Traditionally, only visit species of vines are called wine, although many other fruits can and are being used to produce alcoholic beverages. They are collectively called fruit wines except those made from apples, which are called hard cider, those from pears perries, and those from honey mead.
may and often do contain flavouring agents such as flowers, herbs, and spices, pending on local legislation.
In some jurisdictions, fruit wines must be made from fruits only, without any addition, in others blending of wines and fruit wines may be legal.
Home winemakers prefer to make fruit wines. They are relatively easy to manipulate and fruits are easier to obtain than suitable grapes, but they must in most cases be “helped” by chaptalization (adding sugar), or acidifying, or de-acidifying, using tannins to create a welcome addition of bitterness, and yeast.
For grape wines, there is no need to start fermentation by pitching yeast, or adjusting acidity if the fruit comes from vineyards with desirable terroir.
The following fruits are commonly used – apples, pears, apricots, peaches, blackberries, blackcurrants, blueberries, raspberries, strawberries, cranberries, elderberries, kiwis, pomegranates, pineapples, rd currants, cloudberries, and watermelons. In tropical countries, mangoes, cashews, breadfruits, dates, and whatever else is available are popular.
North Americans, Central Europeans, Scandinavians, and Africans from some countries make and enjoy fruit wines more than in other regions.
In Europe, Spain, Germany, the Netherlands, the United Kingdom, Switzerland, Denmark, Hungary, the Czech republic, Russia, Poland and northern Italy are large producers and consumers of fruit wines.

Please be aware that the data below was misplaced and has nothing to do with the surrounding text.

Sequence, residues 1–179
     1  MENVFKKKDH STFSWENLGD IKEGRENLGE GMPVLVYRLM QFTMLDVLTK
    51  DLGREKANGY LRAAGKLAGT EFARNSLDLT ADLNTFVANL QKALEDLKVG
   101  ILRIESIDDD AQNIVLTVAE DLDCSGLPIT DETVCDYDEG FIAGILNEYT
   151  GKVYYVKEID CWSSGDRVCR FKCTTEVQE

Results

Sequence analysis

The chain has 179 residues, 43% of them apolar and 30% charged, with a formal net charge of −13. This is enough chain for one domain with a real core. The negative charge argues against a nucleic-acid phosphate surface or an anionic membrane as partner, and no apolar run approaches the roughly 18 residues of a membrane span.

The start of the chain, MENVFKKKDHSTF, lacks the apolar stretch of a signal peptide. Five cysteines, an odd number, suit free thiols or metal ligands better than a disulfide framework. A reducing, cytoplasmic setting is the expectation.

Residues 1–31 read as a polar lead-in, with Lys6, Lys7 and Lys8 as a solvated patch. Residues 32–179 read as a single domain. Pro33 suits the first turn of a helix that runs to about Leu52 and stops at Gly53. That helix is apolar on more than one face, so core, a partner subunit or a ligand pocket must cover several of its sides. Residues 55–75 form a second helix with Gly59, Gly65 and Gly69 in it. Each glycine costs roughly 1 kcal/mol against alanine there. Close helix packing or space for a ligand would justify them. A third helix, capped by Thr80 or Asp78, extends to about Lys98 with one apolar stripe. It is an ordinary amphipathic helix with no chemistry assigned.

In the U.S.A (some states), and Canada all provinces produce fruit wines commercially, although Ontario, British Columbia, Quebec, and Nova Scotia boast large-scale productions due to geography and population densities.
Southern Ontario and southern British Columbia produce significant quantities of apples, berries and a variety of tree fruits.
The Niagara Peninsula, and southwestern Ontario are well known for their fruit wines.
Germans around Frankfurt am Main are fond of their hard ciders, as are British, and north western French (Normans) of their ciders. Pomegranate wines are much liked in Armenia. Poles and Russians like berry wines and mead.
As stated above, Ontario produces significant quantities of fruit wine in more than 20 specialized establishments, the most famous of which are Sunnybrook Farm Estate Winery and Scotch Block winery, followed by Muskoka Lakes, Southbrook Vineyards and Villa Nova.
Surprisingly the L.C.B.O carries extremely few fruit wines, and fruit wine aficionados must travel to wineries to buy them, or contact the winery fro shipment at extra cost. Visiting a winery offers the advantage of tasting before buying.
Recently, several Ontario fruit wineries generously provided their products to Wine Writers’ Circle Of Canada fro a tasting. There were more than 35 fruit wines in total, and the following stood out:
Iced Apple, Sunnybrook Farm Estate Winery
Blueberry, Sunnybrook Farm Estate winery
Raspberry Sunnybrook Farm Estate Winery
Bosc Pear, Sunnybrook Farm Estate Winery
Framboise, Southbrook Vineyards
375 ml $ 15.95
Cerise, Villa Nova
Strawberry Sensation Truffle, Scotch Block Winery
375 ml $ 15.95
Blackcurrant Truffle, Scotch Block Winery
$ 15.95 375 ml
Cassis, Scotch Block Winery
$ 15.95 375 ml.
Blueberry Truffle, Scotch Block Winery
$ 15.95 375 ml.
Framboise Truffle, Scotch Block Winery
$ 14.95 375 ml.
Strawberry Fields, Scotch Block Winery
$ 14.95 375 ml
Cranberry/blueberry, Muskoka Lakes Winery
Fruit wines oxidize at a much slower rate than grape wines.
Once opened, decant wine into a smaller bottle, seal tightly, and refrigerate for up to three to four days.
More Fruit Wines Here.